660 FPS Raspberry Pi Video Captures The Moment In Extreme Slo-Mo

Filming in slow-motion has long become a standard feature on the higher end of the smartphone spectrum, and can turn the most trivial physical activity into a majestic action shot to share on social media. It also unveils some little wonders of nature that are otherwise hidden to our eyes: the formation of a lightning flash during a thunderstorm, a hummingbird flapping its wings, or an avocado reaching that perfect moment of ripeness. Altogether, it’s a fun way of recording videos, and as [Robert Elder] shows, something you can do with a few dollars worth of Raspberry Pi equipment at a whopping rate of 660 FPS, if you can live with some limitations.

Taking the classic 24 FPS, this will turn a one-second video into a nearly half-minute long slo-mo-fest. To achieve such a frame rate in the first place, [Robert] uses [Hermann-SW]’s modified version of raspiraw to get raw image data straight from the camera sensor to the Pi’s memory, leaving all the heavy lifting of processing it into an actual video for after all the frames are retrieved. RAM size is of course one limiting factor for recording length, but memory bandwidth is the bigger problem, restricting the resolution to 64×640 pixels on the cheaper $6 camera model he uses. Yes, sixty-four pixels height — but hey, look at that super wide-screen aspect ratio!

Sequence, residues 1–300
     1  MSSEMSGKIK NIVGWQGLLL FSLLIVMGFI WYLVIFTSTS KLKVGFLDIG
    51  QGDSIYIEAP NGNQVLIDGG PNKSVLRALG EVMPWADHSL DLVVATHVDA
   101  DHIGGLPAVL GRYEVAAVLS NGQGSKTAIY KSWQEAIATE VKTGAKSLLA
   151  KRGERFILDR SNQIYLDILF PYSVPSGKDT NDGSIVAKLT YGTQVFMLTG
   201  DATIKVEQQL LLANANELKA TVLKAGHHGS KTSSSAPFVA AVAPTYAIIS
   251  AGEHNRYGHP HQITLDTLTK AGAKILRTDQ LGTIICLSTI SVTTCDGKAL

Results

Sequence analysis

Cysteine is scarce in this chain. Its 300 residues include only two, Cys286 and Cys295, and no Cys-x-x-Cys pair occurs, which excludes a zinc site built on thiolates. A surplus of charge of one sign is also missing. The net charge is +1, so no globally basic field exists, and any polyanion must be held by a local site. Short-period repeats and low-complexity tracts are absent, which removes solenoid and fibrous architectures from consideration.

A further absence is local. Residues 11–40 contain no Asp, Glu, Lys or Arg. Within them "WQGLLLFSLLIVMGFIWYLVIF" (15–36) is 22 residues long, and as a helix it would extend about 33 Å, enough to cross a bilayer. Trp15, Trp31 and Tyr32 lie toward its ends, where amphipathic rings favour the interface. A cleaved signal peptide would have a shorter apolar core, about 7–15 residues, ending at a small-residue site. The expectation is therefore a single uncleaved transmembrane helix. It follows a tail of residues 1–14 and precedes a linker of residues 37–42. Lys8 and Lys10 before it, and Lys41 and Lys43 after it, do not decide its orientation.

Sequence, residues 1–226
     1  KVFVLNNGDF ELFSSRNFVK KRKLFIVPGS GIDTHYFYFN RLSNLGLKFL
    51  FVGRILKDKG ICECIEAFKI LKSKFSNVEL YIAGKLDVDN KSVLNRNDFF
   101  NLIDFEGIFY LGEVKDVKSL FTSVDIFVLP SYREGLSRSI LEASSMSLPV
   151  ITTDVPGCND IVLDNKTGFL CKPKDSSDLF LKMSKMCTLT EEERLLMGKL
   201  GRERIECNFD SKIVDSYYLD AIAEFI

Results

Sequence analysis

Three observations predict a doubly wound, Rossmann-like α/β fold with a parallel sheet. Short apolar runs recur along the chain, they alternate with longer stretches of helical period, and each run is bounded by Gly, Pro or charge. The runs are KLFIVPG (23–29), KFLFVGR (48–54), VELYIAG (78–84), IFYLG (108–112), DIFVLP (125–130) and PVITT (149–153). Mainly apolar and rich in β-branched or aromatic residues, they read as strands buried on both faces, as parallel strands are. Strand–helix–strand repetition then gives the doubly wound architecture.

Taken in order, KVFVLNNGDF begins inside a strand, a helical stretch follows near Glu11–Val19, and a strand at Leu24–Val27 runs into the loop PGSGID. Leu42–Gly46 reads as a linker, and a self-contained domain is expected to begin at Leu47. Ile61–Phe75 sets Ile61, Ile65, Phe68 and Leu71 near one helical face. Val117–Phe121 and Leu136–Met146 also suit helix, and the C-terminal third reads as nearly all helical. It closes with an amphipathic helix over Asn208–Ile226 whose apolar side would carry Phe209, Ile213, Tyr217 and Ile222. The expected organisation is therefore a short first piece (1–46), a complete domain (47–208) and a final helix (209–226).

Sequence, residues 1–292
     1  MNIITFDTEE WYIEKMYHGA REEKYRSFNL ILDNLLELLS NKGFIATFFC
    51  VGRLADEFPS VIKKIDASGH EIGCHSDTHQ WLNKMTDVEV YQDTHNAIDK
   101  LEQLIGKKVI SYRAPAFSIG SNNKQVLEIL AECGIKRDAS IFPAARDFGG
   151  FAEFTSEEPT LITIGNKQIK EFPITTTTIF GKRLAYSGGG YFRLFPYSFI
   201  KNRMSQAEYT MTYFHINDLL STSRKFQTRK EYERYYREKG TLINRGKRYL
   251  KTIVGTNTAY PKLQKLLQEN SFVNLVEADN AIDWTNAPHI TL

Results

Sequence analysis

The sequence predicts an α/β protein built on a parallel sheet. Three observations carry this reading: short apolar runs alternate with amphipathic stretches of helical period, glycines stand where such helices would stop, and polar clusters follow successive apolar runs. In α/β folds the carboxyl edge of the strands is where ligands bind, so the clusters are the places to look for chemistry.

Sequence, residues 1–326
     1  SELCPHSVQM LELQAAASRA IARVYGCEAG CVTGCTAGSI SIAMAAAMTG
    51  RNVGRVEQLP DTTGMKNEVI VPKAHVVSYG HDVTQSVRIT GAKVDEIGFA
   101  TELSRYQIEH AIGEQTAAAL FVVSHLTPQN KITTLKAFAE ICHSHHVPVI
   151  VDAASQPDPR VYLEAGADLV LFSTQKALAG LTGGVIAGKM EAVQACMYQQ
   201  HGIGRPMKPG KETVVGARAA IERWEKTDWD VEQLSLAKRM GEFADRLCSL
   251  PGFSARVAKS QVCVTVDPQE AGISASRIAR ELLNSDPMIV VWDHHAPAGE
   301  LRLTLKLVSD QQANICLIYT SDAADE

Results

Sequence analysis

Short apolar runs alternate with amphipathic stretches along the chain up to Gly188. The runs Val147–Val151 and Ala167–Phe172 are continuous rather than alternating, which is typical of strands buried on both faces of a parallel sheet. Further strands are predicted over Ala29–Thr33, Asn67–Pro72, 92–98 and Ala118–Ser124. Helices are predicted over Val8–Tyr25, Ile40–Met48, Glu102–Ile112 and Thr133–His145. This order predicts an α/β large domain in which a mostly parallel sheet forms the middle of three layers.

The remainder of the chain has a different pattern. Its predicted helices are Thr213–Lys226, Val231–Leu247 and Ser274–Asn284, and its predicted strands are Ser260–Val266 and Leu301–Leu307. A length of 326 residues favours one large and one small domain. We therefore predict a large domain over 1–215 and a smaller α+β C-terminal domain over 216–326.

While you won’t get the highest quality out of this, it’s still an exciting and inexpensive way to play around with slow motion. You can always step up your game though, and have a look at this DIY high-speed camera instead. And well, here’s one mounted on a lawnmower blade destroying anything but a printer.

15 thoughts on “660 FPS Raspberry Pi Video Captures The Moment In Extreme Slo-Mo

    1. it’s not about the speed (DDR3 is plenty fast for that), but the size!
      Keep in mind you’re capturing uncompressed footage, the h246 encoder is way too slow to do this real-time, so you have to store raw images in the RAM and then either store them to a flash disk or let the h246 encoder crunch them over and then save to disk.

      1. A PC doesn’t have the level of access to any camera like the Pi does (unless they have a CSI port I supose) and in terms of this hack, streaming directly the data to a PC with more ram sounds like a good idea if it can be done without adding more overhead to the prosesor

    1. If you read the github for raspiraw (660 fps) or fork-raspiraw (up to 750/1007 fps for v1/v2 camera) the issue is one for free frame skips, they clearly staye “Using /dev/shm ramdisk for storage is essential for high frame rates.”

      That should be taken as a fact, so then the question is can you transfer the data to local or remote storage device without causing frame skips. The first step I would take would be to reserve two CPU cores at boot (isolcpus) and dedicate them each to one task only. One to receive data from the camera (taskset) and other to either write the data to local storage or to transfer the data to remote storage.

      660 fps 64×640 is roughly ~27MB/second that in theory could be written local SD or even a USB device.